As we prepare for the tail-end of hurricane Gonzalo, the first strong winds to be predicted this Autumn, the sun is shining but, despite some gutsy gusts, we’re not too concerned as yet. On the beach this morning we ran towards Newman’s pool in the murk, the sun having another half an hour to lie-in before he needed to be up. Sand scudded across from Monk’s House, where the dunes decline and there’s no shelter to be had, but despite a recent haircut I feel warm and wonderful – no need to place my head upon the hearth as yet as it is unseasonably mild. Out on the islands, National Trust warden David Steel is battening down the hatches, and the growing seal pup population is leaning hard against the rising tide, even as I write.
But though we are led to fear and to prepare, and the news is full of dread, betrayal and pestilence, tiny chinks of glorious light are always visible: the goodness in a human hug, leftover casserole gravy – all rich, delicious vegetables and meaty mouthfuls – on our dinner, a bright blue sky above me as I race to catch the fig leaves as the wind blows them into the pond; the thought that someone smaller than me may soon be joining us; knowing the sand will be rubbed away from my eyes, that they will think of it before it troubles me.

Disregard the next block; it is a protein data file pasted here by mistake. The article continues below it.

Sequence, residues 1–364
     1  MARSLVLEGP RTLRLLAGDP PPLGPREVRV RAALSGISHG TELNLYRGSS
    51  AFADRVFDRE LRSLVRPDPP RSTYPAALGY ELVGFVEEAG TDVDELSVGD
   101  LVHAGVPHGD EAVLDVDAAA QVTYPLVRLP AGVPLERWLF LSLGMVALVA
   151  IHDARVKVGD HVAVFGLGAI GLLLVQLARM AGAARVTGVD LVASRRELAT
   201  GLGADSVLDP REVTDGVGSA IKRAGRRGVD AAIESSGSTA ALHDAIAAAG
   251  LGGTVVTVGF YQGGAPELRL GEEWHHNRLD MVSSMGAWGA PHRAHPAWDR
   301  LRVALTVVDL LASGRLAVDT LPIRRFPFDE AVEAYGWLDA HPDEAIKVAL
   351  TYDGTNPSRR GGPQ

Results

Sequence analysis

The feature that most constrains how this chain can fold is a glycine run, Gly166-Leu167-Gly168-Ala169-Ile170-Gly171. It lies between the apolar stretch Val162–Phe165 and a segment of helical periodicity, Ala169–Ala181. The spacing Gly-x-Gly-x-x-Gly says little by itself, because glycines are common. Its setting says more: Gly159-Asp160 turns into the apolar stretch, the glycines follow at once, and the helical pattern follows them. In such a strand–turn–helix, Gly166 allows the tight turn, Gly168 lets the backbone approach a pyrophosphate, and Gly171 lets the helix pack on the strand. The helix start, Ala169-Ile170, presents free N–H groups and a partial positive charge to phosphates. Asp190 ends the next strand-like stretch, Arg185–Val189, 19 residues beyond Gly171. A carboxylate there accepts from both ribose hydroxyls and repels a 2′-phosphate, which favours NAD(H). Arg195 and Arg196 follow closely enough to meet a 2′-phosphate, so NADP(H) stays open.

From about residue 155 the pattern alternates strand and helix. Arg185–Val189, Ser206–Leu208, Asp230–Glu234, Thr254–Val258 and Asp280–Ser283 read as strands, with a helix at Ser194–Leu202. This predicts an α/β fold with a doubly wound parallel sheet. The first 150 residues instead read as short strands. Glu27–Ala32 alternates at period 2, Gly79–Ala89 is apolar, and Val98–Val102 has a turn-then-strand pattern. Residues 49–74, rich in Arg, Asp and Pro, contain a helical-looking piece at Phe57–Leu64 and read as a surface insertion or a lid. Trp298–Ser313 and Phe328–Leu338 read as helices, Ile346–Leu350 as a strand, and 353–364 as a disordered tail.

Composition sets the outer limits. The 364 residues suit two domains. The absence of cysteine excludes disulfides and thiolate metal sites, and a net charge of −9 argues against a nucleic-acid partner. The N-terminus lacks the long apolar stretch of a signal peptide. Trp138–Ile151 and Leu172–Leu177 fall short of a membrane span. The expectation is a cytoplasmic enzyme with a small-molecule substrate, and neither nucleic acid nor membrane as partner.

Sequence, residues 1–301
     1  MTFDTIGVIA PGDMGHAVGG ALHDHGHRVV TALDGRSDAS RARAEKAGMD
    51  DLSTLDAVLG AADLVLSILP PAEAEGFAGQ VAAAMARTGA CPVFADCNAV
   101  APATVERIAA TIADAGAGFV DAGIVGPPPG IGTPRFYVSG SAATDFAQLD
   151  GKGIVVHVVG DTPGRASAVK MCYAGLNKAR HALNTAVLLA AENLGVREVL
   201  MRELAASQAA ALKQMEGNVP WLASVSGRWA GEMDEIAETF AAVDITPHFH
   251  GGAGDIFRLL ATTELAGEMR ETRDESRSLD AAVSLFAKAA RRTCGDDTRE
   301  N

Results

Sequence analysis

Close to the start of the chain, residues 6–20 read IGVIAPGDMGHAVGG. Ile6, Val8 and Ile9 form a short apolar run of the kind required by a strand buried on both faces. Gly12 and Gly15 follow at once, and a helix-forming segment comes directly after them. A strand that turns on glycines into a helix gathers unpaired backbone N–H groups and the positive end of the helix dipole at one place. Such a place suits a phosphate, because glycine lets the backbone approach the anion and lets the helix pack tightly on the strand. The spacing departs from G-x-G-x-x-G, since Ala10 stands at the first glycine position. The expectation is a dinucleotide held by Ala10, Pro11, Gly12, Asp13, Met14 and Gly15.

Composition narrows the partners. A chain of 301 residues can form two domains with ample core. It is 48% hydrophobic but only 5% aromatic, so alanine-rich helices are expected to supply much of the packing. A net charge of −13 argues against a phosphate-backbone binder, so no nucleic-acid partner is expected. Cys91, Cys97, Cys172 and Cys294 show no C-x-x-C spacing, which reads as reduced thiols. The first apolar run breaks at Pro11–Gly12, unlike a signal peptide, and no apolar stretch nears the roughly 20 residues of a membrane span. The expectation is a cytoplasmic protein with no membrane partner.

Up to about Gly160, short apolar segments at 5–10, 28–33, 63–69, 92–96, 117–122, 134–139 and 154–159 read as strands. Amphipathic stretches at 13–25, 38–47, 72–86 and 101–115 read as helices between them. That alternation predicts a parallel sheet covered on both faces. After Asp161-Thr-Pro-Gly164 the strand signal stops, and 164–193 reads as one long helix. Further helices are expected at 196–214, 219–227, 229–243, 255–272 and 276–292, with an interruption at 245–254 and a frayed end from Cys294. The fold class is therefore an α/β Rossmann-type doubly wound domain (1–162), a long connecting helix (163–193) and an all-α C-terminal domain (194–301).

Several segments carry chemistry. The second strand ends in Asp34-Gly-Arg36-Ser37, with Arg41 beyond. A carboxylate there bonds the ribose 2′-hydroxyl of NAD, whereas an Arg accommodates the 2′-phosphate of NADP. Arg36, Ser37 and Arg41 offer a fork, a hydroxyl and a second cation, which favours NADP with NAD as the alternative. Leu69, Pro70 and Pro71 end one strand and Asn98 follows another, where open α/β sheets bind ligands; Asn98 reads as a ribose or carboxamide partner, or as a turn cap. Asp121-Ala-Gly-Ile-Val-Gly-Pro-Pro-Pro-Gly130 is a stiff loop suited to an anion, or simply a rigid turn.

Within his convoluted labyrinth, within his considerable demesne – which stretches by way of lengthy tubing between two large ‘cages’, over six levels where he can rest, feed or doze as the whim takes him – tiny Jo sleeps: downstairs today, in his enormous bed, directed by the same logic which day by day leads him to sort his food stores by size and quality within a tunnel, or move them round to suit the mood. Corn kernels, stripped from tiny dried cobs, shelled peanuts, sunflower seeds. Tiny and perfect life form, blessed creature, be happy and content, cleaned and tended daily, you the smallest and, as some might say, the least of us. All is safely gathered in. A happy harvest festival of his own.